All worlds organize themselves into hierarchies, including worlds that only exist in the very abstract, like the "classical" music blogosphere. It is a world explored by a self-selecting group of people, and, with the exception of e-mail, the local weather, YouTube, and a news website or two, it is where I spend the most of my internet time. I keep this blog for my own sanity, and, perhaps, for the sanity of readers I do not know who have some of the same concerns and interests that I have. The things that matter to me are, for the most part, rarefied. Every once in a while, for example, I click on my profile links with the hope that someone else in the blogspot blogging world has a serious interest in Maurice Maeterlinck. It has not yet happened, but, in this world of infinite possibility, it just might.
Every once in a while I come across a post that ranks blogs that come under the umbrella of "classical music," and every once in a while I find this blog somewhere towards the bottom of the list (I believe it was 47 in a list of 50 for a while). The ranking, of course, is a quantitative one: how many "hits," how many "links," how many "feeds," or how a blog is ranked by a search engine. Because I don't use social networking tools like twitter or facebook, or any of the other icon-like things that I see floating around on various blogs, I imagine that in the giant "cafeteria" of the internet, the relative popularity of this blog will continue to fade.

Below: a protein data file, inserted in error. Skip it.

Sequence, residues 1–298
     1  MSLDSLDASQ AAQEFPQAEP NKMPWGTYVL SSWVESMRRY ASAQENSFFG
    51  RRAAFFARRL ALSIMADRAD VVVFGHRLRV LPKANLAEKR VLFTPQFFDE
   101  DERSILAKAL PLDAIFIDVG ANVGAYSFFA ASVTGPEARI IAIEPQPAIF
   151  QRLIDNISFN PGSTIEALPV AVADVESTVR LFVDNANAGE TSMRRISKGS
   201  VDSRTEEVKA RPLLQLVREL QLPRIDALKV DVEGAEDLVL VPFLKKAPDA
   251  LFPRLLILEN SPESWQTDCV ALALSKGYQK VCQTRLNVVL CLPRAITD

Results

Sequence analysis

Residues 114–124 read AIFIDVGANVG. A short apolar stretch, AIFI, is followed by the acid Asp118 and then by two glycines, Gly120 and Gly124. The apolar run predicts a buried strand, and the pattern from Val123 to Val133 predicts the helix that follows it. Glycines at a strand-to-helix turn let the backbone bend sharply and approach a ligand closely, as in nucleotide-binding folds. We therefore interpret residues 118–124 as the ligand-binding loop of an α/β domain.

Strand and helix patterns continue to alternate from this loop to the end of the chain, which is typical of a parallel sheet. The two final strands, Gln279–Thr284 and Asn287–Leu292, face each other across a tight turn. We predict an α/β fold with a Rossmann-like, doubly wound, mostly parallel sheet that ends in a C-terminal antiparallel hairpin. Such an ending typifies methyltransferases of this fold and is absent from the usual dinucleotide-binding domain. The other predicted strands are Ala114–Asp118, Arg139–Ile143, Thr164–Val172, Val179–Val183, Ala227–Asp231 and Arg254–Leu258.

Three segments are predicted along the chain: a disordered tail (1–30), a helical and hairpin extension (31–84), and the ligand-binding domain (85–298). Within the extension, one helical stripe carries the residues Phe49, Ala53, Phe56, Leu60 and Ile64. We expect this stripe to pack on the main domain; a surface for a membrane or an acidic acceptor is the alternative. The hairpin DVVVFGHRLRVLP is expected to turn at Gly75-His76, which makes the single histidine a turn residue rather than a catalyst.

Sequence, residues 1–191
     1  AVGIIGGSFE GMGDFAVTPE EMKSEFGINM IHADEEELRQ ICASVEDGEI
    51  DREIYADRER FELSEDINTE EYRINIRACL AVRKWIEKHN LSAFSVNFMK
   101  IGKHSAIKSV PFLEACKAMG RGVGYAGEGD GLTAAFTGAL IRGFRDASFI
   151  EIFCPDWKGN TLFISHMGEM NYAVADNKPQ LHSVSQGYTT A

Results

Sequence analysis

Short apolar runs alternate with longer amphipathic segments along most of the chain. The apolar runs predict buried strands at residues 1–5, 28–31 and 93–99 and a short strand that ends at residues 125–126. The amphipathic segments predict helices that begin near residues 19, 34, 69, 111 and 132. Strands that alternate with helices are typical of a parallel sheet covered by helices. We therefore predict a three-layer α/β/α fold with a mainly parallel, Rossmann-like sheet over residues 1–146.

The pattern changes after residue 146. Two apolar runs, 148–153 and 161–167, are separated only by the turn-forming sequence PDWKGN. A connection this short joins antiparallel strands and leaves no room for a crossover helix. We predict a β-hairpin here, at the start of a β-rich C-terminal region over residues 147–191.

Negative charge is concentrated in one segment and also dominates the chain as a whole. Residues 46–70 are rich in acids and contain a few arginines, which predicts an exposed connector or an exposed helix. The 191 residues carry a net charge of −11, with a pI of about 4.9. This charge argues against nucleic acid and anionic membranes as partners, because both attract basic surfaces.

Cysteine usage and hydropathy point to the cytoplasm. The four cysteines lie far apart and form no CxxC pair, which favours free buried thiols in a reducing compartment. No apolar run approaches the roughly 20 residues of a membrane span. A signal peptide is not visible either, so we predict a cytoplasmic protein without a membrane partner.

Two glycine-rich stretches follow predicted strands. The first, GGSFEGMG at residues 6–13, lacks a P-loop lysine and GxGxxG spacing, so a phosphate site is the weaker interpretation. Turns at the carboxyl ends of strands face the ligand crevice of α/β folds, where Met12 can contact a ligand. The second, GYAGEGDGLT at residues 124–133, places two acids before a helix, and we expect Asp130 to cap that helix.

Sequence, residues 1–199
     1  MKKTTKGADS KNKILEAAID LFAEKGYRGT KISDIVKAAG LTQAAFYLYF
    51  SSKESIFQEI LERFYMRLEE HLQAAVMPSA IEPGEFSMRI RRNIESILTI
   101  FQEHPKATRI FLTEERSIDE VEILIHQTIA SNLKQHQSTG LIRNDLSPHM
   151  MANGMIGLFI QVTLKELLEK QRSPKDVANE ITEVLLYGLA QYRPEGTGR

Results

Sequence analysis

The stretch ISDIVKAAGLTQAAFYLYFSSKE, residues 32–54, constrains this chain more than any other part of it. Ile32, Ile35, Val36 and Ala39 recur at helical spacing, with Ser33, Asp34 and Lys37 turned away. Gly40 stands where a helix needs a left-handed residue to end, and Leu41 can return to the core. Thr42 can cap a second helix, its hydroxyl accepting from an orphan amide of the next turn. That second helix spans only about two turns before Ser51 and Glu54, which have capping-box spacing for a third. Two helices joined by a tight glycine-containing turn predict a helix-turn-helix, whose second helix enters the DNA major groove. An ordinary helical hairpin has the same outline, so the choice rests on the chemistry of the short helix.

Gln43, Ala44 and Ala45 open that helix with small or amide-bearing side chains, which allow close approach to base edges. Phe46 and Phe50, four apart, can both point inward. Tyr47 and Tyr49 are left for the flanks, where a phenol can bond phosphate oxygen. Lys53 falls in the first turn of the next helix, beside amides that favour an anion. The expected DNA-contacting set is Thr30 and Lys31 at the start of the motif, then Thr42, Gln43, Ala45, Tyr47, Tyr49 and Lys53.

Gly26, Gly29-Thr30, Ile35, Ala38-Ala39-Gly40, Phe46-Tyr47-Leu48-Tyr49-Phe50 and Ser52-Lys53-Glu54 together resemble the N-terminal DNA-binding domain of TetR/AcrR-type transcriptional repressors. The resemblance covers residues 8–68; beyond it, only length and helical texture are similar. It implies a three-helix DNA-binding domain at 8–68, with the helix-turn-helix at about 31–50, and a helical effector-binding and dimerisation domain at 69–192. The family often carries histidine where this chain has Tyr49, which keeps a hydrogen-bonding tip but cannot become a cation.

But I will always try to keep the content interesting, I will do my best to use the English language well, and I will never use this blog for any kind of commercial advertising. I interact with a rarefied bunch of people in my non-blogging world, and popularity has never really been something I have sought out. I am often impressed with people who do seek it out, and by doing so manage to have the world reaching out to them. I have learned that I can never be one of those people, partly because I do not know how to be one of those people, and partly because I do not want to be one of those people. The gift that keeps on giving after turning 50 is the realization that what you see is what you get: 50 years of being a certain way makes a good precedent to continue operating by the same set of balances that keep me happy and productive.
I feel like this free and ever-changing blogosphere, however, is fragile. Perhaps it will no longer be free in a few years. Perhaps some entity will find a way to profit from the self-expression and community-creating that it allows, and then everything will change. Until that time, I really appreciate the ability to play in this "playground," and to share my particular quirks and interests (and gripes, and criticisms, and music) with the people who care to read about them here, even if they just drop in by chance.